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Bryan Away

Give In

Review by Gary Hill

This EP contains music that is progressive rock, with the possible exception of one tune. Even that one has a proggy edge to it. All that said, this isn't the progressive rock sound of the 1970s. It's more modern and creative. Some of it probably fits more under "art rock." Each song here is quite different than the others. Most of it is rather stripped down, but the arrangements sometimes get rather lush.

This review is available in book format (hardcover and paperback) in Music Street Journal: 2019  Volume 6 at lulu.com/strangesound.

Track by Track Review
Give In
A droning melody brings this in tentatively. The cut gets a bit more involved as the vocals join. It has a real artistic motif to it. It remains minimalist and stripped back. There is a definite jazz air to this, but I'd consider this to be art rock more than anything else.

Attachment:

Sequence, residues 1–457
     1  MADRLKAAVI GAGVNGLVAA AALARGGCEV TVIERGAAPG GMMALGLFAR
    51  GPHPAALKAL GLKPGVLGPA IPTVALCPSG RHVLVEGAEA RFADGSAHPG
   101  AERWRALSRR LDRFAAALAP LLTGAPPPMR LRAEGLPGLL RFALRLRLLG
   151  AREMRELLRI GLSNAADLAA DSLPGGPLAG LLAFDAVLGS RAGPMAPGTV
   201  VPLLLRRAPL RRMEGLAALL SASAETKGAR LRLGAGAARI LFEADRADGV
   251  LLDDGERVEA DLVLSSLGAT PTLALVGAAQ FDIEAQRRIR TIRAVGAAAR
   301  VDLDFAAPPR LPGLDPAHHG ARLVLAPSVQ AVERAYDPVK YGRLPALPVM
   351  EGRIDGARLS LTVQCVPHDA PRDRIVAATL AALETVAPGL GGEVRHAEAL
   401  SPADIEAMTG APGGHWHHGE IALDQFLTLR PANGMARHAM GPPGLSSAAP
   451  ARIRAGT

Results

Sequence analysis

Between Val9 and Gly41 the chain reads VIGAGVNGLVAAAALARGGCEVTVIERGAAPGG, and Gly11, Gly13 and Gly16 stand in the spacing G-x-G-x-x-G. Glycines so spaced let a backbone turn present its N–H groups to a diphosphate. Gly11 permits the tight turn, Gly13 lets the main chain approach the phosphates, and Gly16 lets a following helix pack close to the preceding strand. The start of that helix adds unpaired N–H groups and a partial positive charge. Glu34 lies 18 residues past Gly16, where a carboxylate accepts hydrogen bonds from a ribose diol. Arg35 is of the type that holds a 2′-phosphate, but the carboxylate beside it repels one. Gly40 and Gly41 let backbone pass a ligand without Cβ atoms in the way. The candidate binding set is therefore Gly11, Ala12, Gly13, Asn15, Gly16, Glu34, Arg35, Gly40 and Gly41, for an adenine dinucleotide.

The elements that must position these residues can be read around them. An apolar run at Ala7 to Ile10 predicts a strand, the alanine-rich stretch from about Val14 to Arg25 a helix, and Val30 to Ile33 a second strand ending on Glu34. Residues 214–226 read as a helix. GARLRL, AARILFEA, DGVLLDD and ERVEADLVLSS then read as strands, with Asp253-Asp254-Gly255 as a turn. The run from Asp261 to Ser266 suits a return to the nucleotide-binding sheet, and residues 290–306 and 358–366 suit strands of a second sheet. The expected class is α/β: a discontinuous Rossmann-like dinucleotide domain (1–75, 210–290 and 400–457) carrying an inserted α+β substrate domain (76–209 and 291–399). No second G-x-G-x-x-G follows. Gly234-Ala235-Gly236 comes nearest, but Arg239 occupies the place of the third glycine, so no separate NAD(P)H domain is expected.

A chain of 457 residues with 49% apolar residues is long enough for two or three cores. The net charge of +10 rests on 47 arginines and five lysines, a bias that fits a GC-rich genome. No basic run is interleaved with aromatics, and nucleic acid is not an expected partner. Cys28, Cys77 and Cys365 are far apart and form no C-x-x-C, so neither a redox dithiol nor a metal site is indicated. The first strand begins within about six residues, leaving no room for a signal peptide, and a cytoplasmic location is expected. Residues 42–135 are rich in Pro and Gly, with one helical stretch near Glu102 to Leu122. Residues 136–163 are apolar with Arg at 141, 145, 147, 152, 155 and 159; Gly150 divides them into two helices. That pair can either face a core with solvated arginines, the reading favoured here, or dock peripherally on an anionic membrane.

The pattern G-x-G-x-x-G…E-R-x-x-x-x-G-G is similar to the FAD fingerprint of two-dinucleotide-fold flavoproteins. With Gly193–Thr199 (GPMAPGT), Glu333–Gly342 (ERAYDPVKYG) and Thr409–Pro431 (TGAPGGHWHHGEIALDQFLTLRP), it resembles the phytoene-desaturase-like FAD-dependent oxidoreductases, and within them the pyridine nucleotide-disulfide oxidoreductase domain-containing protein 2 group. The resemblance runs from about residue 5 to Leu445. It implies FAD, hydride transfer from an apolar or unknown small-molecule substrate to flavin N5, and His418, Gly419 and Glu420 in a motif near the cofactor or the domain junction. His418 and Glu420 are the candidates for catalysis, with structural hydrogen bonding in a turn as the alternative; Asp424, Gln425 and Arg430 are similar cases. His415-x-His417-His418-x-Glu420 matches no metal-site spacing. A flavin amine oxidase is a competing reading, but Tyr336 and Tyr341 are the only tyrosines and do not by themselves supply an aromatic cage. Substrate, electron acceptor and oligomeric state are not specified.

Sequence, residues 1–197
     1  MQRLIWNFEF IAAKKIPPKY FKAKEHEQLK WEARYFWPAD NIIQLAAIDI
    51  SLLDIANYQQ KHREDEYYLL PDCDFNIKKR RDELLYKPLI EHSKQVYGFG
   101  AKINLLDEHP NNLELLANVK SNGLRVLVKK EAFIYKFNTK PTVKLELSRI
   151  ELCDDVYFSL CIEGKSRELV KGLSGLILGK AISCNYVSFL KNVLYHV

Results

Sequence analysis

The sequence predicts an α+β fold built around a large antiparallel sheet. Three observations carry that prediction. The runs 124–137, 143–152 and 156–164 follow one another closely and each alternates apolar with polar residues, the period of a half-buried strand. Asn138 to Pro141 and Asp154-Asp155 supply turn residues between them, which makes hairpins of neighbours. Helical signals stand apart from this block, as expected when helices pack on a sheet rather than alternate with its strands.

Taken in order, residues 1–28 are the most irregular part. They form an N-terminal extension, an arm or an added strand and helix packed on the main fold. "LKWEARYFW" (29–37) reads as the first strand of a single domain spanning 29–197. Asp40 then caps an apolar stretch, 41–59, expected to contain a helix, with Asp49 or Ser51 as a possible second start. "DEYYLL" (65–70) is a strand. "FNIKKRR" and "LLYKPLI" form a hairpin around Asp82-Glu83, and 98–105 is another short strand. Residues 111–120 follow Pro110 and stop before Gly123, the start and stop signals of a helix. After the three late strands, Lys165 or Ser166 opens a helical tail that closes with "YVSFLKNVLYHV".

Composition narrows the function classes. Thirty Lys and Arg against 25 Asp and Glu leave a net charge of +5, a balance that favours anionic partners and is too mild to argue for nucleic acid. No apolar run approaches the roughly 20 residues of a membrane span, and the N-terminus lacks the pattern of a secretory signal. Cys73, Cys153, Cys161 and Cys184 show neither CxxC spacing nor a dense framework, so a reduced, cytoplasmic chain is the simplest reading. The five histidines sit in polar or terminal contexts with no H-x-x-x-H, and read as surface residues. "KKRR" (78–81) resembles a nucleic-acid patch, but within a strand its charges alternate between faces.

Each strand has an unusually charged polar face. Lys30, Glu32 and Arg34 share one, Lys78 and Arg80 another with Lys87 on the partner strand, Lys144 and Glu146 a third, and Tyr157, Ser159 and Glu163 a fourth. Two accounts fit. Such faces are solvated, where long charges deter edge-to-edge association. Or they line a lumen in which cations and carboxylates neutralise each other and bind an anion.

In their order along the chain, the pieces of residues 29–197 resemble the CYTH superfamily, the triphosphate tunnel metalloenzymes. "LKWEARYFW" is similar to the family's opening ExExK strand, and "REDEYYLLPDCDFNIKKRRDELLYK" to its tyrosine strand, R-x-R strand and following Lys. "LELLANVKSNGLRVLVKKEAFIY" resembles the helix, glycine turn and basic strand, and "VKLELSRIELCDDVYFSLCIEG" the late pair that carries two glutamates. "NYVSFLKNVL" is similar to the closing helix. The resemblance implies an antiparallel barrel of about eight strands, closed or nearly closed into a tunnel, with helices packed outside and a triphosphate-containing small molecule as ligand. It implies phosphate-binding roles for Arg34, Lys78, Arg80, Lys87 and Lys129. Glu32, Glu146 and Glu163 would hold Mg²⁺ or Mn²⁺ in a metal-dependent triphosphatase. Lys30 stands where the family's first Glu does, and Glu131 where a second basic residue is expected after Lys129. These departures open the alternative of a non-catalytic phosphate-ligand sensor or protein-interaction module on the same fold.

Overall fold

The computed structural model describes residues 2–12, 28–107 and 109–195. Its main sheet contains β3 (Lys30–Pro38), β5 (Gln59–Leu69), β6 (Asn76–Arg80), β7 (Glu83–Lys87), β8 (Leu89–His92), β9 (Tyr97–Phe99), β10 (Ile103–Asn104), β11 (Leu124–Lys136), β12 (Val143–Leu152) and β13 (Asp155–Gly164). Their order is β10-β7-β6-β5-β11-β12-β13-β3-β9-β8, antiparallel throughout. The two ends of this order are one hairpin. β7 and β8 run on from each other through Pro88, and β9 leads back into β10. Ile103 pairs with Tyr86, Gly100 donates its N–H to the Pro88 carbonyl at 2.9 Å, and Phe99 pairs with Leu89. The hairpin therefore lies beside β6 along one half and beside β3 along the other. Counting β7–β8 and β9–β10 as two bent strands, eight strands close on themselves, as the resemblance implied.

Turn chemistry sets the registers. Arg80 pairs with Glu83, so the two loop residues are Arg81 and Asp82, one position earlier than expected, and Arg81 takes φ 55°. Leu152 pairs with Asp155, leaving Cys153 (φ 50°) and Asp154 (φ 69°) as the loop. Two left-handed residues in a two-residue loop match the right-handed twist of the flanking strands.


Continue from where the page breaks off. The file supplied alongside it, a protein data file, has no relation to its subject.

Birthday Song
The guitar based arrangement that brings this into being is more mainstream rock in some ways. It's still decidedly left of center. There is a modern King Crimson or California Guitar Trio element to the cut. The guitar work is pretty amazing in a lot of ways. This is definitely a prog rock piece.
Children
While there are still some proggy, artsy elements at play, this is more of a folk-based, mellow alternative rocker. It has a real balladic quality to it.
Pour One Out
There is a trippy, dreamy prog styling to this number. It has a lot of jazz in the mix. It's more of a full arrangement, and quite a lush one at that.
An Ode to the Dog Days
The guitar has a bit of a distorted air to it as this opens. That's a big change, and this is more of a rocking kind of piece. There are definite shoegaze vibes to it in some ways. It's classy stuff for certain. This has quite a bit of dynamic range built into it.
 
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